- If your dog appears calm, lead him away from the cat and then take off the leash, monitoring the interaction that follows.
- If necessary, distract your dog with a toy, treats or a short training session, giving easy commands such as “sit” and “down” (with treats, of course) or a short walk outside to get his focus off your cat.
- Do not allow your dog to corner or intimidate your cat.
- Reward your dog when he focuses on you rather than your cat.
Introducing a New Cat to Your Dog
- As mentioned, first prepare a safe room for your cat. Include everything she needs (litter box, bedding, toys, scratching post, food and water, along with a place to hide, preferably two or three different options, in different locations). This will be her home until she feels like venturing out into the rest of your home. Keep the door closed.
- Bring your kitty into your home in a carrier, and take her straight to her room and close the door, so that the dog cannot immediately investigate. Open the door to her carrier and let her explore her new surroundings at her own pace. Once your cat is comfortable and relaxed in her safe room, then and only then should you introduce the dog.
- When you can see your cat is ready to come out of her safe room, place a baby gate across the door so she feels secure but not isolated, and can come and go as she pleases. If your dog can jump over the gate, use two gates, one six inches off the ground and a second on top of the first, so that the dog can’t cross the barrier but the cat can come and go as she pleases. If you have a small dog that won’t jump the gate but can fit under the gap below it, lower the gate to the floor and cut a small hole in it to allow the cat through, but not the dog.
- Allow your cat to get acquainted with your dog on her own terms; this may take days, weeks or even months. When she sees or hears the dog she may retreat to her safe room for many weeks, and this is ok. Make sure to not force the introduction.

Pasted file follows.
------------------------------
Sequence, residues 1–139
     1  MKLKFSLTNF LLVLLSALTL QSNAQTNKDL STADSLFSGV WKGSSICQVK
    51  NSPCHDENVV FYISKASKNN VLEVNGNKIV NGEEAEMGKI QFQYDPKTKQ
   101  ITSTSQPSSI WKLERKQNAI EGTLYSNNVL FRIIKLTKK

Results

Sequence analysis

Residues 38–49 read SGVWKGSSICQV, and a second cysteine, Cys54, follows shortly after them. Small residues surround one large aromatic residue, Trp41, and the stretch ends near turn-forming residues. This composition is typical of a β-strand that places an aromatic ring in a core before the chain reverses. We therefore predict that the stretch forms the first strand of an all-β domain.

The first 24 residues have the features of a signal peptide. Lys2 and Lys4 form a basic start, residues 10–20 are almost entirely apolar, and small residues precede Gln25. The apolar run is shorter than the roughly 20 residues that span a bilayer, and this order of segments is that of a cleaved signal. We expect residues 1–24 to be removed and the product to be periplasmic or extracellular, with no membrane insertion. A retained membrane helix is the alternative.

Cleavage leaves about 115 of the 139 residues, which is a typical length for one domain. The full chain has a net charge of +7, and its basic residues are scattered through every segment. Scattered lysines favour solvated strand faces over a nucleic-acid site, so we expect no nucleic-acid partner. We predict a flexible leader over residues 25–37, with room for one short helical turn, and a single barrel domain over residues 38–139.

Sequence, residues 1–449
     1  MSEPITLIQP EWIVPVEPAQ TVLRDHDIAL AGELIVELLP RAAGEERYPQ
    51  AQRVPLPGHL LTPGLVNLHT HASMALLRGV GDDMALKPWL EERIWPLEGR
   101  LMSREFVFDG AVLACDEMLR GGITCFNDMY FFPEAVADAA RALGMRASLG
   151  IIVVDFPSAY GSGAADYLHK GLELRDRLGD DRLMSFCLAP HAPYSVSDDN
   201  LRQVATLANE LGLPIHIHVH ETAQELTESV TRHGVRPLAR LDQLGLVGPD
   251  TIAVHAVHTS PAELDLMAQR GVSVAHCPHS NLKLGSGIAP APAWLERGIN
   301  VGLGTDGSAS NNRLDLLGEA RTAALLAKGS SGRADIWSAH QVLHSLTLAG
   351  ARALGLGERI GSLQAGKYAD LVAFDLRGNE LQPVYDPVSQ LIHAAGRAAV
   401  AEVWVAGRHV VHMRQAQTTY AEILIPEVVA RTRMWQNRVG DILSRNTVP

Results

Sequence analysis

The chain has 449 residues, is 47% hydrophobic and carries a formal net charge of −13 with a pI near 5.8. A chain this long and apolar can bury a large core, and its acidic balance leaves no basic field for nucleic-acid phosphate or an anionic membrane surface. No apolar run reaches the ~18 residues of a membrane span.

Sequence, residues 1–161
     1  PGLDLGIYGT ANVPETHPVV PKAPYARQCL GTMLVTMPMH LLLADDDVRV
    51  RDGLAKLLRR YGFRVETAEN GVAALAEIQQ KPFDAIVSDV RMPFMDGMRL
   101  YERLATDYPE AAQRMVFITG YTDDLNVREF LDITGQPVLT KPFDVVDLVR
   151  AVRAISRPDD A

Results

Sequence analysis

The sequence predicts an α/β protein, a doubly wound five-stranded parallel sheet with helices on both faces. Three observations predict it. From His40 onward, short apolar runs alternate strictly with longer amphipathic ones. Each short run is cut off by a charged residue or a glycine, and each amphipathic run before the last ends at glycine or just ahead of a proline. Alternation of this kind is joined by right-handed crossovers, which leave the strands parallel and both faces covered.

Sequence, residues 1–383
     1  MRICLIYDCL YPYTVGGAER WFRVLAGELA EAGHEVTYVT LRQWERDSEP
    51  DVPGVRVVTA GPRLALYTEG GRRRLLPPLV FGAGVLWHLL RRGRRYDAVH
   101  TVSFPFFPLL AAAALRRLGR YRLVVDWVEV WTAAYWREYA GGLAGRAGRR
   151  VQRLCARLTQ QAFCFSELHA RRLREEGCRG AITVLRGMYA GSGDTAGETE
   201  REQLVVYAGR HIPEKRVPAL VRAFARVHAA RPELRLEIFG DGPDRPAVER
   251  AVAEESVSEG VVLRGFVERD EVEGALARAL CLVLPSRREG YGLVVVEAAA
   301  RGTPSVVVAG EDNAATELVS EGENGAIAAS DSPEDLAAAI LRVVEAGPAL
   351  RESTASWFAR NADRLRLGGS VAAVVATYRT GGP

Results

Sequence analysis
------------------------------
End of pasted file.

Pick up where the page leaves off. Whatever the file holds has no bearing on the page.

Your Dog and Cat Are Feuding: Now What?
In a perfect world, your dog and cat would get along just fine. But what if they don’t? You can try to gradually introduce them to one another in a safe setting (the cat having access to her safe room), with your dog under control on a leash. While each animal is calm, reward him or her with a favorite treat and positive attention.
Repeat this frequently, gradually decreasing the physical distance between them while increasing the amount of time they spend in each other’s company. The goal is that eventually, they will be able to coexist peacefully.
Eventually, as your dog grows more familiar with having a cat around, he may lose interest in her entirely. The next step is allowing supervised interactions with your dog off-leash, and, eventually, unsupervised interactions. Obviously, the latter should only take place after a significant period of supervised interactions have occurred with no incidents of excitement or aggressive behavior.
If your dog shows any signs of aggression toward your cat – growling, lunging toward your cat, snapping – or your cat shows signs of stress when around your dog (such as growling, hissing, or swatting), you’ll need to separate them for a period before trying again. As mentioned, there will be some cases where cats and dogs will not be friends, so this should be respected.